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Henry Hakewill

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Name  Henry Hakewill
Role  Architect
Died  March 13, 1830

Henry Hakewill Plowden Buildings Middle Temple by Henry Hakewill and James Savage
Structures  St Peter's Church, Eaton Square
Similar People  Inigo Jones, Max Penson, Samuel Courtauld, George Wallis, Charles Howard - 1st Earl of

Henry Hakewill (4 October 1771 – 13 March 1830) was an [[English)) achitect


Early life

Henry Hakewell was a pupil of John Yenn, R.A., and also studied at the Royal Academy, where in 1790 he was awarded a silver medal for a drawing of an aspect of Somerset House.


He began work on a country mansion and eventually had a large and flourishing practice, mostly concerned with country houses. In 1809, he was appointed architect to Rugby School, where the gothic buildings and chapel are his designs. He also did work for the Radcliffe trustees at Oxford and the Middle Temple.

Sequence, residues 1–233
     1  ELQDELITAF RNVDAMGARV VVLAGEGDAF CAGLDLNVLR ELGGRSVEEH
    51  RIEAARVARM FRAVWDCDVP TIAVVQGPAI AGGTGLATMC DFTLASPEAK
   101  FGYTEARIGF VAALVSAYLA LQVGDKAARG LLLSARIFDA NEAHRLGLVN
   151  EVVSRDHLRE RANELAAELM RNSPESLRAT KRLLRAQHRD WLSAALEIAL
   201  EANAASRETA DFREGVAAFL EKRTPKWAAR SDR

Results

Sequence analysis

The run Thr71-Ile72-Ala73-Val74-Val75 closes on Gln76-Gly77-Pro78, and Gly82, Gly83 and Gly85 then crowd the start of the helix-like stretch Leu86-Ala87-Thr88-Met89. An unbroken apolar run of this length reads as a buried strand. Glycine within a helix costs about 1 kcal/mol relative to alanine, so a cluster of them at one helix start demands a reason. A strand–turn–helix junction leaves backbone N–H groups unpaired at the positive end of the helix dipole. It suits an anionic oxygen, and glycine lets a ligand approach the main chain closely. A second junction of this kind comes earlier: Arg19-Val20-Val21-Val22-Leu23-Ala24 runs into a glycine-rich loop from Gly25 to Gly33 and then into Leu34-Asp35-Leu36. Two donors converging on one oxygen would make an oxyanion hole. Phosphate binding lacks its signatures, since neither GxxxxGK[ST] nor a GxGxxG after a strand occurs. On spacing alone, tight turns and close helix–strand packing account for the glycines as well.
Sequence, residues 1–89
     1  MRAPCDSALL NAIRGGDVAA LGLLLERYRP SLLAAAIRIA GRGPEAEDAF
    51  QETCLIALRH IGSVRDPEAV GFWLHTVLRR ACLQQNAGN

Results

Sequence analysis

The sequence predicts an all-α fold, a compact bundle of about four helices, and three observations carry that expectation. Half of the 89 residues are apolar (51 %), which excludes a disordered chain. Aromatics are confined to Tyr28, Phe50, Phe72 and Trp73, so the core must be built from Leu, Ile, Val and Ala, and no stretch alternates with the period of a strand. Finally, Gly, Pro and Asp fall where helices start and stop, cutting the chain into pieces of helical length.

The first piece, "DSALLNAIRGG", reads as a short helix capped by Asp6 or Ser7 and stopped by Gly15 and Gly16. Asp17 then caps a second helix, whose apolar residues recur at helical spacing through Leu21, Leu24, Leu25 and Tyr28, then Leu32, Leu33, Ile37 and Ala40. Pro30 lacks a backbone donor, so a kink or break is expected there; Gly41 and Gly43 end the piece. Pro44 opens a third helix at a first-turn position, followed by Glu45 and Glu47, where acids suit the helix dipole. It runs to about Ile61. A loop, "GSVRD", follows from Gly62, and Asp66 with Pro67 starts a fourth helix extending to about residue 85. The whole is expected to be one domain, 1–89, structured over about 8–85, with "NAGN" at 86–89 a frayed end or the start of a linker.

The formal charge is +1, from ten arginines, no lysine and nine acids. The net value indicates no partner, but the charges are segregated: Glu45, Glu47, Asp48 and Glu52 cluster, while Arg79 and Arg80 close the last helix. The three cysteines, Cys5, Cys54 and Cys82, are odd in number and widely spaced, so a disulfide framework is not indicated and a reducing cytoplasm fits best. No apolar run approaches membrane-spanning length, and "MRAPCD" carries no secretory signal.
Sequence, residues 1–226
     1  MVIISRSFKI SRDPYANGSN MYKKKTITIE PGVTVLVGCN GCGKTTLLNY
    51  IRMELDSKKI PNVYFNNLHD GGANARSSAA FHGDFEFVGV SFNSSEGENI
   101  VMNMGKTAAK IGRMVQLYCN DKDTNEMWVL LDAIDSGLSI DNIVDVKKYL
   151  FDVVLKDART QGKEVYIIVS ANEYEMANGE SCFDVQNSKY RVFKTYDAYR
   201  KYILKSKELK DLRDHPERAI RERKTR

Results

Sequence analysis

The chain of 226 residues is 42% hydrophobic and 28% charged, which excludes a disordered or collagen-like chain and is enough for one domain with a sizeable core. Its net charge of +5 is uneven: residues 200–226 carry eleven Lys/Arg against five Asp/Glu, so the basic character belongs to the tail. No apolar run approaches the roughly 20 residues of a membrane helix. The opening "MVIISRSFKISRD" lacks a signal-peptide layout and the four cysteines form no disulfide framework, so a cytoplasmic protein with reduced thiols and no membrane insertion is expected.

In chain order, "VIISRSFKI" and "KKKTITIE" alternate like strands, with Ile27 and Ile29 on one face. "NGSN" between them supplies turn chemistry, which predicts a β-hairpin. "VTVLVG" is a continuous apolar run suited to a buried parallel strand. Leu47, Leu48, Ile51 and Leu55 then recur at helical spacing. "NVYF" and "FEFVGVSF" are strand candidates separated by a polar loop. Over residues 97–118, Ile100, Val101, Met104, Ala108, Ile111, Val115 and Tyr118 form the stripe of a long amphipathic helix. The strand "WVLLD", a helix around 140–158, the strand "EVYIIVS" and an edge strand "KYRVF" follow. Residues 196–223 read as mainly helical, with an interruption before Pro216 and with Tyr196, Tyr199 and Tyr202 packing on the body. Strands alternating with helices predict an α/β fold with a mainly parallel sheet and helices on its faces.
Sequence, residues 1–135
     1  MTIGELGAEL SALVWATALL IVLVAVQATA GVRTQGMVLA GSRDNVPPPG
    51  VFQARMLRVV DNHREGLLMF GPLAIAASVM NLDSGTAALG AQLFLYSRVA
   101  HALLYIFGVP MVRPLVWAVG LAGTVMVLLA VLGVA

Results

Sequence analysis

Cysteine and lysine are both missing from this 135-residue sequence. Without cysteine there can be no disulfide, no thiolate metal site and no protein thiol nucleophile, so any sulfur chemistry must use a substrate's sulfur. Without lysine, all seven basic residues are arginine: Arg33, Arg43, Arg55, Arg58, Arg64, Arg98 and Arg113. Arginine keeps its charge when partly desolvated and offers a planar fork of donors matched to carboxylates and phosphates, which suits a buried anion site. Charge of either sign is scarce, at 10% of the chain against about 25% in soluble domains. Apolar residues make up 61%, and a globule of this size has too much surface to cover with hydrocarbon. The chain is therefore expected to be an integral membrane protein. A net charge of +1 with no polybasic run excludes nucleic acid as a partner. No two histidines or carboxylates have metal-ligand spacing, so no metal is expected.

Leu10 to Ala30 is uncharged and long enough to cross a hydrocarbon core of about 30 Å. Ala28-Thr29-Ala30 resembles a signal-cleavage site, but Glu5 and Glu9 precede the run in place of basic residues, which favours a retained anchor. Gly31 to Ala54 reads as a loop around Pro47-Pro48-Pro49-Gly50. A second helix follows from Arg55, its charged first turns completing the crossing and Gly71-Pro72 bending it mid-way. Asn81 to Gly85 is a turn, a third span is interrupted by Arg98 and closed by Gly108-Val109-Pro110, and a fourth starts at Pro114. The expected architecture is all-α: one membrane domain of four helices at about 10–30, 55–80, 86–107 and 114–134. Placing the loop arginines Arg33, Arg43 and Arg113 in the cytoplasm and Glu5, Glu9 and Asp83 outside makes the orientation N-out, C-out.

He designed two distinguished Greek Revival buildings:

  • Coed Coch, Dolwen, Denbighshire, Wales (1804), a country-house with a diagonally placed portico (demolished) and stair
  • St Peter's Church, Eaton Square, London (1824–7, but rebuilt after a fire in 1987).
  • Personal life

    On 14 November 1804, he married Anne Sarah Frith, daughter of Rev. Edward Frith of North Cray, Kent. They had seven children including two sons who were also architects: John Henry Hakewill (1810-1880), and Edward Charles Hakewill (1816-1872).


  • An account of the Roman villa discovered at Northleigh Oxfordshire in the years 1813, 1814, 1815, 1816 (1823)
  • References

    Henry Hakewill Wikipedia